MOVIE REVIEW: Martha Marcy May Marlene; The Youngest Olsen Girl Debuts With A Bang
Elizabeth Olsen (that’s the younger sister of Mary Kate and Ashley) deserves to shoot to the top of young Hollywood’s A-list for her vulnerable but powerful performance as a former cult member in Martha Marcy May Marlene. She’s vulnerable one minute and commanding the next, gradually blending the two seamlessly.
The film opens as Martha (renamed “Marcy May” by her cult leader) escapes from a farm where she has lived with many of women and a few men, under the relentless eye of Patrick (played with terrifying soft-spokeness by John Hawkes). Martha reunites with her sister (Sarah Paulson), not explaining her two-year disappearance. But as Martha struggles with and relives her painful experiences, her behavior becomes erratic and even violent. Her sister and brother-in-law (Hugh Dancy), not knowing what’s going on, grow less and less patient.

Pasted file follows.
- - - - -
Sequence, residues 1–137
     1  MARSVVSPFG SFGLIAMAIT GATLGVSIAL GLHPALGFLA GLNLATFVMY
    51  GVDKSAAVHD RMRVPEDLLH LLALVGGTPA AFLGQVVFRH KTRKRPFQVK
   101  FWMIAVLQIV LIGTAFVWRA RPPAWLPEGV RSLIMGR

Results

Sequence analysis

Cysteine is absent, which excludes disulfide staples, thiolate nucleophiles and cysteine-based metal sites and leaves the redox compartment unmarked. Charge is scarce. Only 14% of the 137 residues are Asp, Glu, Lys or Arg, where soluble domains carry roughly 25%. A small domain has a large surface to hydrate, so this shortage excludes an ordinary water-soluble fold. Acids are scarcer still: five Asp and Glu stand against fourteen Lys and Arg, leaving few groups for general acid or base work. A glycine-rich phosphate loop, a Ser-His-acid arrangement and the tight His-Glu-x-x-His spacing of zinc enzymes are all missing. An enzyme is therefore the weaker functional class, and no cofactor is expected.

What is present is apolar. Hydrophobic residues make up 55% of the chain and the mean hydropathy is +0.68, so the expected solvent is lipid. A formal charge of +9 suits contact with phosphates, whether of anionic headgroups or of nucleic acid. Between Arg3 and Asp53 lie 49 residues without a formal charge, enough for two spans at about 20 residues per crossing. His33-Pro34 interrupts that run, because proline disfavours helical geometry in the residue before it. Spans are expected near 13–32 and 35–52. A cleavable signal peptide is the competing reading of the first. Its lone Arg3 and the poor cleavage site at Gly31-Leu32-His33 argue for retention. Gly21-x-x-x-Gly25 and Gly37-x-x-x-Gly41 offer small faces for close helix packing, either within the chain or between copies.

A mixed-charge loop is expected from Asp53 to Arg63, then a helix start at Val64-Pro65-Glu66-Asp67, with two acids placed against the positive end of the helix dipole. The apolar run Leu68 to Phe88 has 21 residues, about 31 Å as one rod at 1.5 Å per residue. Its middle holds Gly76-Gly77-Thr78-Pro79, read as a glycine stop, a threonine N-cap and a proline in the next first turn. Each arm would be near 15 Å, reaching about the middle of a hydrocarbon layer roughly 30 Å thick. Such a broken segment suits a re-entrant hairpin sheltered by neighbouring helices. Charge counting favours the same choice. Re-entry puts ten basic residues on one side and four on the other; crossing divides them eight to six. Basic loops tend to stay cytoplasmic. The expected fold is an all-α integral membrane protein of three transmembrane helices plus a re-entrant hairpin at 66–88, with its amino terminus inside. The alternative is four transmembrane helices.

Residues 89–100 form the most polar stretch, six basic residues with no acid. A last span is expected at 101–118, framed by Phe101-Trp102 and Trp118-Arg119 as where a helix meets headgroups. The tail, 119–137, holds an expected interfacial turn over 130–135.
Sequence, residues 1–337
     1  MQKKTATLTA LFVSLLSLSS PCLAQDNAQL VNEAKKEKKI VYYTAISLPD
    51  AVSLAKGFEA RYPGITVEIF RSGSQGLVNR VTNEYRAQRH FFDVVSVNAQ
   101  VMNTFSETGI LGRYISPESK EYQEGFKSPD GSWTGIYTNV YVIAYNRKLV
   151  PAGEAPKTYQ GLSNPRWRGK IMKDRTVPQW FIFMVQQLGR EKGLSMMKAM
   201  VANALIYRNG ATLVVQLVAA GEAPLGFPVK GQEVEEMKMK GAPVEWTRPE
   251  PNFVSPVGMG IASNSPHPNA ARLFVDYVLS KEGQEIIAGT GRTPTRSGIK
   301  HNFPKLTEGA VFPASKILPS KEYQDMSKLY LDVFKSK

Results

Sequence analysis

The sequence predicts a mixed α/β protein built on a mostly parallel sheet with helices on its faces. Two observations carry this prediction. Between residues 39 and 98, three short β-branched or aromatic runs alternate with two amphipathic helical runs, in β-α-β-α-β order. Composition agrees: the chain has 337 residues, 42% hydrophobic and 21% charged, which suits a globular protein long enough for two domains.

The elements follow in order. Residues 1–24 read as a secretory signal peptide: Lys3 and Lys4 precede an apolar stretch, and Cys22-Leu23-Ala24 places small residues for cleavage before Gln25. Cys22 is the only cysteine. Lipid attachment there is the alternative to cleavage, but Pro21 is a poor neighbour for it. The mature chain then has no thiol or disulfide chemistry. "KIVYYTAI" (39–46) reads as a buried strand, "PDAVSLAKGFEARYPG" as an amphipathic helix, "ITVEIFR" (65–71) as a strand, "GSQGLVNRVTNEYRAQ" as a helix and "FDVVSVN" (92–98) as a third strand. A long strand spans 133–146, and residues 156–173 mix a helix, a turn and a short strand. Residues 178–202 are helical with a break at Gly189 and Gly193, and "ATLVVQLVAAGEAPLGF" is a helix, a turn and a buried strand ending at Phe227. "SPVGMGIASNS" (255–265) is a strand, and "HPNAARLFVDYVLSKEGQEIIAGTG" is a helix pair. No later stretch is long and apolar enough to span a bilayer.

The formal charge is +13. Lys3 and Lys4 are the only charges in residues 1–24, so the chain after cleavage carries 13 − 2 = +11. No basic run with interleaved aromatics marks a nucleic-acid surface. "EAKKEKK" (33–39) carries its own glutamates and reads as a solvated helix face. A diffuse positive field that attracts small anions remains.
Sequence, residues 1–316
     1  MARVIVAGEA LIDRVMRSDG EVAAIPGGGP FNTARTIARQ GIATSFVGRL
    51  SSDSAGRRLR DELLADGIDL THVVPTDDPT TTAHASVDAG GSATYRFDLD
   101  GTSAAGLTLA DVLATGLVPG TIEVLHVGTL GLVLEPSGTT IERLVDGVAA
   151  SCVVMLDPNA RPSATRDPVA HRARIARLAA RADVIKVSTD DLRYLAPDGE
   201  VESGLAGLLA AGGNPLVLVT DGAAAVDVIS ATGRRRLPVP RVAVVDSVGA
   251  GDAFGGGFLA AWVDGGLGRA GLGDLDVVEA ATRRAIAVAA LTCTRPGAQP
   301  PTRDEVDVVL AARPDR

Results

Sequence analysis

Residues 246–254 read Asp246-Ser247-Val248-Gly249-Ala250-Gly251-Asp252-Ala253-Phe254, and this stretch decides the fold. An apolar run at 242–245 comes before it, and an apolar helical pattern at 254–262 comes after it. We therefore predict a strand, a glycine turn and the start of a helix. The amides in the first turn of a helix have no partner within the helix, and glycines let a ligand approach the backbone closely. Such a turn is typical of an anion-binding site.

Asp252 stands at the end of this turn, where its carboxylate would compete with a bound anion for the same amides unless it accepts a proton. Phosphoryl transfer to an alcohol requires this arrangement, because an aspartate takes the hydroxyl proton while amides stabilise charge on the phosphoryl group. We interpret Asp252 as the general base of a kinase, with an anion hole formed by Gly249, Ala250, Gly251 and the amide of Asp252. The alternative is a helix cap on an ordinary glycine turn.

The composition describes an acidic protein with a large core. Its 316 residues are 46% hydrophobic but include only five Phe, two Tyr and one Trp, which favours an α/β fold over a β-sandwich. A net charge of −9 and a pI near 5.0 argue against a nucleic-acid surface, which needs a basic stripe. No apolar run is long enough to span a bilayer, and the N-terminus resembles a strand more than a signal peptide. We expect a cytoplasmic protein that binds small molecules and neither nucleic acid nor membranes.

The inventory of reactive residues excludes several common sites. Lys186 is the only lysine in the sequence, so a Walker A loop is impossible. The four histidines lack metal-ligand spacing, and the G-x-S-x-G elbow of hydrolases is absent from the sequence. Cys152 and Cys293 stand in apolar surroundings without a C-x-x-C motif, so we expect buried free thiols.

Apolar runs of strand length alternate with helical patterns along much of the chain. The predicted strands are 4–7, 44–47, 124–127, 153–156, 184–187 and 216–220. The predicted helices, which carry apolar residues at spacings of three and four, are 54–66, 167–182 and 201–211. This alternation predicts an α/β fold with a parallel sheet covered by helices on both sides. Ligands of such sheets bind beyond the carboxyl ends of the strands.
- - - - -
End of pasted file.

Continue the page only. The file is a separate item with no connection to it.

First-time writer and director Sean Durkin has quite an accomplishment here, crafting a film that is both thoughtful and (almost) completely tense. Martha’s increasingly dark memories create a nervous anticipation, and her paranoia over being re-captured starts to look suspiciously legit.
Throughout, Olsen is supported by an amazing cast, even those in the smallest roles. Every character, from cult member to bartender, seems to be totally convinced that what they are doing is right and kind, no matter how cruel it seems to the audience.
But don’t expect any clear answers. As the film cut to black in the middle of a frightful and vague ending and the credits began to role, a man at the showing stormed out of the theater and yelled, “It’s just like the fuckin’ Sopranos!”